I was talking with a co-worker about eliminating pennies. She was against it because “they would just round the price up” and use it as an opportunity to raise prices. Then she was concerned about the machines that calculate the price of meat, and how they would then have to round. I explained to her that they are already rounding to the penny, so rounding to the nickel would be no problem.
The the epiphany hit me. This is the same sort of reasoning that people apply to changes to health care. The vague feeling that “they” will cheat you and the resistance to trying anything new.
Like UHC, eliminating small coins has worked successfully in Europe, but these kind of people are incapable of looking at any other countries for new ideas. It’s a combination of paranoia, fear of change, and deliberate stupidity.
(Note that I have avoided making any puns like “nickels, change you can believe in”.)
Senators filibustered the civil rights act in the 60s for 40 days. Back then some people were saying integration would destroy society. Didn’t happen.
Back when we were trying to abolish child labor, a senate hearing was held. A representative of industry said abolishing (or limiting) child labor would lead to the mills stopping and society grinding to a halt. Didn’t happen when it was abolished in 1937.
Reagan thought medicare would usher in an age of communist dictatorship. Its now over 40 years later and it hasn’t happened.
These people have always said the sky is falling at even the slightest hint of egalitarianism. And they’ve always been wrong. No reason to think differently this time.
You can’t reason with them, negotiate with them or convince them. You can only steam roll the country past them and then sit back and chuckle when their chicken little paranoid fantasies come to nothing.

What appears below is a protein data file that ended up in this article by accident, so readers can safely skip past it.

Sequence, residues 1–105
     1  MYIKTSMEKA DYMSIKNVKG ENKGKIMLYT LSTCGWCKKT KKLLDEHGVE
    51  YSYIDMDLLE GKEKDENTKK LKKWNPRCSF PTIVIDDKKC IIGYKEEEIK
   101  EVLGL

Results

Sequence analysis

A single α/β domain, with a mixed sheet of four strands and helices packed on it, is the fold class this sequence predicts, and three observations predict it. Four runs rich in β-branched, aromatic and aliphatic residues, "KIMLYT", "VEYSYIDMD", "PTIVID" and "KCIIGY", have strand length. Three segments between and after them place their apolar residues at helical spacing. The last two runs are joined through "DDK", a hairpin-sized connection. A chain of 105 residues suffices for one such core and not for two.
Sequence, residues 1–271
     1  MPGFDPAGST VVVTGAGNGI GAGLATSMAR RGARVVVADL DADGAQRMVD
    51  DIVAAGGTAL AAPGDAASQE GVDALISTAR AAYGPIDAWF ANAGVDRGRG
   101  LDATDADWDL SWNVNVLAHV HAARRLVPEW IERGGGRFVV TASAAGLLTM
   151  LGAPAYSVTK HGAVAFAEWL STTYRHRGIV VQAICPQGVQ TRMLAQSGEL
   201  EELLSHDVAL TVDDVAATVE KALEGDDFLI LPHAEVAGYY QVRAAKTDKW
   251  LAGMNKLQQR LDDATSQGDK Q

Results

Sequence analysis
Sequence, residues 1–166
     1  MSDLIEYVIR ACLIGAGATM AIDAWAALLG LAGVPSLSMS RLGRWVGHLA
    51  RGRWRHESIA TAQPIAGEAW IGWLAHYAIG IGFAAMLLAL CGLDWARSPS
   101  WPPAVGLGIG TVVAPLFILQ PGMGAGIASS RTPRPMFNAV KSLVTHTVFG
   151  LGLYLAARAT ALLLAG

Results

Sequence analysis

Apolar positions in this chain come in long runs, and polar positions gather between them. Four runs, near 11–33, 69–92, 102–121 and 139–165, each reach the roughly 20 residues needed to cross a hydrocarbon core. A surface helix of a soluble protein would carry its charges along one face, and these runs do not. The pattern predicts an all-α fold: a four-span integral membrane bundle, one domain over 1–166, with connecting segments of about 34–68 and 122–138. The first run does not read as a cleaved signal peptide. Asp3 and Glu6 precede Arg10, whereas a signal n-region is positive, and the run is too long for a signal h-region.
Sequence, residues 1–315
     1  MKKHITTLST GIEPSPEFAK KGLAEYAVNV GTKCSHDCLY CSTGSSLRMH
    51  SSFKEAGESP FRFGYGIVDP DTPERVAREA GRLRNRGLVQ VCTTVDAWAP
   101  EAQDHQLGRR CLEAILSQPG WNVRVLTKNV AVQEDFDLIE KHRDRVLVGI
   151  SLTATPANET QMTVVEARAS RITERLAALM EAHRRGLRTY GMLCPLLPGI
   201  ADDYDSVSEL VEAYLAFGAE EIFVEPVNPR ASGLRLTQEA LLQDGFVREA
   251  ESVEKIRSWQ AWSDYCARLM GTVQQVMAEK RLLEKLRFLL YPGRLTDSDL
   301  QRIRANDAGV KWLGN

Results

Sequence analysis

Regarding the filibuster of the civil rights act, it was worse than that, it was not 40 days but more than 50:
Now, I would had to admit that I would like to see all those senators that are in the pockets of the insurance and medical companies show to all the people that they would rather fight for the freedom of Insurers to limit the health care choices of Americans.
If they filibuster, I would expect to see ads like this one directed to all the rotten politicians that are still attempting to prevent a public option:
Assuming that the customer will react poorly to price increases in general, they might decide to combine two price increases into one to reduce the fallout. In other words, “In for a penny, in for a pound”.
Who needs to rely on “vague feelings” when you can just point to “their” own proposed legislation that would adversely affect you, either overtly with a 35% excise tax or covertly by forcing the insurer to ignore vital information that would allow them to charge you a price that accurately reflects the cost of providing your product.
I was at a bbq this weekend where the host actually started talking about how integration had ruined schools here in Indiana. My wife and I just exchange wide-eyed glances when stuff like this happens and laugh about it later when we sneak around at night planting tiny seeds of socialism throughout the neighbourhood.